Naturally, you can switch back to normal gameplay by changing the same byte back to 01, or adding the line time_passes 1 to CYB.CFG.

(Source: Reimann Shock)

Undocumented Settings

Aside from the normal settings that you can configure via the setup program, there are some undocumented variables that can be added to CYB.CFG:

  • archive - The name of the map data archive to use when starting a new game (default is "archive.dat").
  • strings -The resource file to use for in-game text (default depends on language; English uses "cybstrng.res").
  • init_savegame - A save slot to automatically load when launching the game.
  • damage_seed - A fixed RNG seed to use for damage calculation.
  • grenade_seed - A fixed RNG seed to use for grenade timers and chain explosions.
  • effect_seed - A fixed RNG seed to use for weapon recoil and reactor code digits. Since the entire reactor code is generated as soon as you start a new game, setting this value in the config file will cause the reactor code to be the same every time.
(Source: Original TCRF research)

Unused Graphics



Near the end of OBJART.RES, there is yet another graphic of SHODAN's cyberspace avatar. This version is associated with the polygonal version of SHODAN that attacks you in cyberspace after the time limit runs out, but this specific graphic is never used in-game.



All of the "human corpse" sprites in the game have a full set of 8 rotations in OBJART.RES, though the game always displays the same one regardless of angle. According to the Developer Commentary, the developers decided that it looked less strange to have a single sprite than 8 for different angles, due to the effect that occurred when the player walked over them whilst looking down.

(Source: System Shock Developer Commentary)



The file HANDART.RES contains all of the graphics for the weapons as seen from the player's point of view. Every gun has a second frame that depicts the muzzle flash that occurs when the gun is fired, but several of the guns (in order: Sparq beam, stungun, magpulse, blaster, railgun, ion rifle, and plasma rifle) don't actually produce a muzzle flash. The developers may have simply decided that they looked better without them.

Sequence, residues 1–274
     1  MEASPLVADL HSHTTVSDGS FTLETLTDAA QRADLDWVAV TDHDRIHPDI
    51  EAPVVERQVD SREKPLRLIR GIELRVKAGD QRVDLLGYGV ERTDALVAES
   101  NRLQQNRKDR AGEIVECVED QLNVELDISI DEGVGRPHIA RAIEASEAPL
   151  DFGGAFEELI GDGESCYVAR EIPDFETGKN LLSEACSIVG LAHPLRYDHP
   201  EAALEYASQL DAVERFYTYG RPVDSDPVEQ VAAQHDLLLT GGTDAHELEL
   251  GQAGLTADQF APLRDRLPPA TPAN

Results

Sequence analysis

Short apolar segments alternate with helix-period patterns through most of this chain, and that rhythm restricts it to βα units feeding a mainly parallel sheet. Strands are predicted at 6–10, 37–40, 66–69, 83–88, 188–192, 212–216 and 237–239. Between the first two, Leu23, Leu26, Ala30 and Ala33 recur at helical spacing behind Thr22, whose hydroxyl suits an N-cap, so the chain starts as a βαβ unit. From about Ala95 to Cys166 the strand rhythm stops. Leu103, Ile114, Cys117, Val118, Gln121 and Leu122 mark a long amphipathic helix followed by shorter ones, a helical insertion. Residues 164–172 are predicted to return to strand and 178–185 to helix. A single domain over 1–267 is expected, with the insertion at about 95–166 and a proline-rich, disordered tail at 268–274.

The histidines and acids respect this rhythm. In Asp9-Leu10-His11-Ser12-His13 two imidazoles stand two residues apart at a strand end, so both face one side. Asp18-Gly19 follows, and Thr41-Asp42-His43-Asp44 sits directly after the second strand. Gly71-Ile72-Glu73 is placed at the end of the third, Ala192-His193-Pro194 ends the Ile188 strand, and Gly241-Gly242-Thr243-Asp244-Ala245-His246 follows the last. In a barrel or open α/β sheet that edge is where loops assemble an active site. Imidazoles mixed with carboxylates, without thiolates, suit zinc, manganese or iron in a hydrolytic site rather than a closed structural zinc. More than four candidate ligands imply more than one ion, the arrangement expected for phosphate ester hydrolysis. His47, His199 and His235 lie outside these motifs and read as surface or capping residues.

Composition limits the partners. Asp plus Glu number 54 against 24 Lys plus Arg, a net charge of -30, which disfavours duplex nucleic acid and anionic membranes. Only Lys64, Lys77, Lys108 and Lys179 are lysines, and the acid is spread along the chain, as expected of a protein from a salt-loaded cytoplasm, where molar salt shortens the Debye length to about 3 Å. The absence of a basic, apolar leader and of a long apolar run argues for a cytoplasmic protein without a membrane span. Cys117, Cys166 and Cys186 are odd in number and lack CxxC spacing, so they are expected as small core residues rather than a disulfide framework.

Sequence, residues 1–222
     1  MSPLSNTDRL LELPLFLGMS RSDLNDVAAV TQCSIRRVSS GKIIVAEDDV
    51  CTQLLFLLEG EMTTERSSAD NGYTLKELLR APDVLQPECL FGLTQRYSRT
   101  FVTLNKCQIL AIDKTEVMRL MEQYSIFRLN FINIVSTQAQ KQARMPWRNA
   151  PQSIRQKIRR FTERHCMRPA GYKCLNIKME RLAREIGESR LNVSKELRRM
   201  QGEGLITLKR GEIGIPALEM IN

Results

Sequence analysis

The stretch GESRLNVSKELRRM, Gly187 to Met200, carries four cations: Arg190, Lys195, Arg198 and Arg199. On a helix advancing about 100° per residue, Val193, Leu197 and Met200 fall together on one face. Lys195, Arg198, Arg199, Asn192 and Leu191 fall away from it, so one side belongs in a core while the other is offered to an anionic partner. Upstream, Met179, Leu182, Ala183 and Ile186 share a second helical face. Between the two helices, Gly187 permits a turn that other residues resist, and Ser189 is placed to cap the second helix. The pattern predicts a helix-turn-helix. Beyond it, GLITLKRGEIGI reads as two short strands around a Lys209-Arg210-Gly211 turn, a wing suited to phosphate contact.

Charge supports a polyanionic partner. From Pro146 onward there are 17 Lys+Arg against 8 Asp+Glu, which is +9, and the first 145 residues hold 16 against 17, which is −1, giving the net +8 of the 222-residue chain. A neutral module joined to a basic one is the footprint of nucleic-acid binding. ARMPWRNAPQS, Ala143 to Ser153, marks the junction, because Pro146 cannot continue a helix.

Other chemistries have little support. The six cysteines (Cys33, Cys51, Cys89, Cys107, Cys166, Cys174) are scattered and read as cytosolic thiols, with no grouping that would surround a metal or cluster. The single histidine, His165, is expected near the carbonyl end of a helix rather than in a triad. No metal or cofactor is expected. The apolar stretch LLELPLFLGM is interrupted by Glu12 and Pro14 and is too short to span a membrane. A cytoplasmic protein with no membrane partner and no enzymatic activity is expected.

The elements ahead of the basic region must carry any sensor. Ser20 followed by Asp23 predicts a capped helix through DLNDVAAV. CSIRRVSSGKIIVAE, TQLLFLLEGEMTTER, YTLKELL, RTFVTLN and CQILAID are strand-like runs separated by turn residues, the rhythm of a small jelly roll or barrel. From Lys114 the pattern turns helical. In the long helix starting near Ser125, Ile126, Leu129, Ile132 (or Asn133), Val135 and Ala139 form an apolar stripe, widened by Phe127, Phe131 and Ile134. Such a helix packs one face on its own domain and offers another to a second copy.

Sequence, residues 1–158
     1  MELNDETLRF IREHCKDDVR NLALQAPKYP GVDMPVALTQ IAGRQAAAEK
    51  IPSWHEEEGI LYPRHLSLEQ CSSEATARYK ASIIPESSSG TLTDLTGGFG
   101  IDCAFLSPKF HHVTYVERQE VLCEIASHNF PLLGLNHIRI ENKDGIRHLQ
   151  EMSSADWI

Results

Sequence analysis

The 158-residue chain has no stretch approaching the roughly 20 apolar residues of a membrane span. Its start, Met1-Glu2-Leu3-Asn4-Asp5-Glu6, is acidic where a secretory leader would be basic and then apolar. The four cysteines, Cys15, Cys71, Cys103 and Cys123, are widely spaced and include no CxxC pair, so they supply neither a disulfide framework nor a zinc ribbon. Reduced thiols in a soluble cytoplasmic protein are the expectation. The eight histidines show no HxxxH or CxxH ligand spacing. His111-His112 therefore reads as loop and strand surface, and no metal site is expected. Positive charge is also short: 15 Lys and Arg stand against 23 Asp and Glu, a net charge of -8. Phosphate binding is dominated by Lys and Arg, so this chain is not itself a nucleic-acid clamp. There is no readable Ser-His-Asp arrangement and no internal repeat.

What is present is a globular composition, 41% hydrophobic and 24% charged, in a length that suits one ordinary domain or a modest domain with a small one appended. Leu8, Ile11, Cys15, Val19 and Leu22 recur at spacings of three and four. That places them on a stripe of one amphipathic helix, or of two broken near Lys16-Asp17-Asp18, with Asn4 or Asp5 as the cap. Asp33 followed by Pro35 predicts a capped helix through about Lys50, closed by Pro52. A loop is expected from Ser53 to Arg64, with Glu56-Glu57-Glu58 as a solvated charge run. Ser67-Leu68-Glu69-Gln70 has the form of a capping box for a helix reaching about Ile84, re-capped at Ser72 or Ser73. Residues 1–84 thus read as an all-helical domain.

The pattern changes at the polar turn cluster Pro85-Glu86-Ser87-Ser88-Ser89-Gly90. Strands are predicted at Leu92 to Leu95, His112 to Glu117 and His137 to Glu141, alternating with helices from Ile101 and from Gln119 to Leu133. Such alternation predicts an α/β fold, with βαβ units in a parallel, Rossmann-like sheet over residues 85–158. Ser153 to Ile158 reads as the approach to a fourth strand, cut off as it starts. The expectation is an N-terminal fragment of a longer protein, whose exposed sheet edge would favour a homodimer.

Interface Graphics

Sshock-drugicon.png Sshock-hwicon.png Sshock-weirdicon.png Sshock-gunicon.png
MFDART.RES contains some leftover generic MFD graphics, likely used before each item had its own. They have different colors and less detail than the final background icons. What exactly the purple one is supposed to represent isn't clear.

Sshock-texticon.png Sshock-emailicon.png
The "text" and "email" objects (class 06, subclass 04), which both correspond to the audio logs you find around the station, are part of the "software" class. As such, they have similar MFD background icons, although the game never uses them.

While both types behave the same, the fact that a handful of them use the "text" type instead of the "email" type suggests they may have behaved differently from one another at some point.

This icon is probably related to the jump jet hardware, which uses the regular "activate"/"deactivate" button instead. It's the same size as the "skate" and "boost" buttons used by the Turbo hardware and appears right alongside them in the resource file, suggesting it may have been used along with them as part of the same hardware implant.

There is a blue version of the red/yellow/green arrows used to indicate your health/energy levels, but it's never used.


These appear at the beginning of TEXTURE.RES, and are what appear to be early textures for 3D models. There are also several differently-colored versions of the first texture which appear to have been designed for a different color palette. The model textures used in the game are all contained in CITMAT.RES instead.

Five generic screen animations that aren't used anywhere. Unlike the ones that are used, they only consist of one unique frame each; it looks like the animation would have been done entirely using color cycling.

Used Unused
Sshock-monitoringpost.png Sshock-monitoringpost-unused.png

The "monitoring post" texture found in the central interior of the bridge has an unused variation with plant-like overgrowth on it. This was originally one of a few eventually scrapped textures that can still be seen in the same area in the leaked vB3.0S build, but is the only one that wasn't eventually replaced with a different texture.

Both the used and unused versions of the texture are loaded as part of Level 9's texture set.


Sshock-cyberspaceicon.png Sshock-reactoricon.png Sshock-warningicon.png Sshock-groveicon.png Sshock-shieldicon.png

There are a few unused area "logos" in OBJART3.RES. Their names, according to CYBSTRNG.RES, are "cyberspace icon", "reactor icon", "warning sign", "grove icon", and "shield icon" respectively.


Used Unused
Sshock-unsolvedpanel.png Sshock-solvedpanel.png